– Sara Vizcarrondo is editor of Box Office Magazine and RottenTomatoes, and host of the web series Look of the Week.

After talking intimately with my dear friend Joseph Jon Lanthier in the Lightbox lounge (with mentions of stalkers, restraining orders, suicides, attorneys), we headed to the AMC for a screening of Last Winter. We sat near the front. As the film got underway it became clear that some sort of radio interference was affecting one of the speakers. I couldn’t tell if it was a radio talk show or a TV show, but there was faint scratchy dialogue coming through a speaker behind the screen while we watched nearly silent rural cowboy action on screen. I told a volunteer to tell the projectionist about the problem. It went unresolved, so these two garbled male voices continued to provide unintended background noise.

Eventually a Russian woman in the front row got belligerent with someone seated behind her–“Turn off your phone!” she yelled. Her teenaged daughters egged on the altercation. More volunteers became involved as tempers flared among a half-dozen patrons near the front. Someone involved in the tech side of TIFF came into the theater and started pestering everyone in close proximity to the screen to determine if an electronic device was causing the problem. “Are you accusing me?!” asked one patron. “I’m not accusing, I’m asking,” the TIFF staffer said in a whispered shout.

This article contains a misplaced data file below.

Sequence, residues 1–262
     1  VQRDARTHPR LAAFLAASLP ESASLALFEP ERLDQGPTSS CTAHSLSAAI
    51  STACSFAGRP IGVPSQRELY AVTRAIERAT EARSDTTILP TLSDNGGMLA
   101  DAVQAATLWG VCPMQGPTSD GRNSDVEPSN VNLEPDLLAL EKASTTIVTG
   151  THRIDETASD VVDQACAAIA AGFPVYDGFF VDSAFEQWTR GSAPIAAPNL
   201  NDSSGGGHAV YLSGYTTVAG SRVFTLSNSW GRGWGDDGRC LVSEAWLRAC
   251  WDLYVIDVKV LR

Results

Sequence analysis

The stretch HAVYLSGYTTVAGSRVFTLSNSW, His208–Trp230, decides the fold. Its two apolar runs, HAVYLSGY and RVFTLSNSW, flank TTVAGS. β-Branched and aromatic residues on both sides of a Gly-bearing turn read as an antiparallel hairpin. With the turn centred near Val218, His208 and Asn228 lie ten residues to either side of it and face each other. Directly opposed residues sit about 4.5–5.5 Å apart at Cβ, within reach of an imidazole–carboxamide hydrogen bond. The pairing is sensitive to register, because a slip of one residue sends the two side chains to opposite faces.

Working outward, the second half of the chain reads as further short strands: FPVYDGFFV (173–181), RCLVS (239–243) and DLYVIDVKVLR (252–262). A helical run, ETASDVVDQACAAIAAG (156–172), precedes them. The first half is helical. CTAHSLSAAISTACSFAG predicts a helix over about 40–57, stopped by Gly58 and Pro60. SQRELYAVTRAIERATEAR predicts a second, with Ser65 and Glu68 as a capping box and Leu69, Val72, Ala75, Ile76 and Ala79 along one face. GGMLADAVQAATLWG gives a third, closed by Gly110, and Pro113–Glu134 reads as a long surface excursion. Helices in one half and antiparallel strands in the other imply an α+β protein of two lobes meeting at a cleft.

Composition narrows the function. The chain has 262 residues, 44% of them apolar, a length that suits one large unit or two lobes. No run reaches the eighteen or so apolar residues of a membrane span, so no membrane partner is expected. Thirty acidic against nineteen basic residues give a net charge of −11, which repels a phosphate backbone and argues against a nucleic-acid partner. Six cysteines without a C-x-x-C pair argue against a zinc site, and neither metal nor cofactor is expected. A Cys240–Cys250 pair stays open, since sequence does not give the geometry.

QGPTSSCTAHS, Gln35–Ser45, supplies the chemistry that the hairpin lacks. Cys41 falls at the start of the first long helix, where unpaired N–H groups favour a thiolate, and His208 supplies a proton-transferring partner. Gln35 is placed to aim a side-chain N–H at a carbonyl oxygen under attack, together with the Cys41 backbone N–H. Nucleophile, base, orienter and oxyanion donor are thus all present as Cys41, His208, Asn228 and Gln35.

After he prodded several suspects, it was discovered that Jon had inadvertently recorded our conversation at the Lightbox and just as inadvertently switched his recorder to “play” mode so that it was broadcasting the unsavory details of several people’s lives to the entire audience.

Last Winter was one of my favorites at TIFF and that screening was probably my favorite festival screening of all time.

– Alejandro Adams is a filmmaker and writer for Fandor Keyframe.

What thrilled me was seeing Grace Wang, a programming associate, introducing a film. I met her as a commenter on my blog, she became one of my Far-Flung Correspondents, and now there she is onstage!

Roger Ebert is film critic for the Chicago Sun-Times and Roger, host of Ebert Presents at the Movies, and author of several books, including Life Itself: A Memoir.

It’s a toss up between two which both happened at dinner: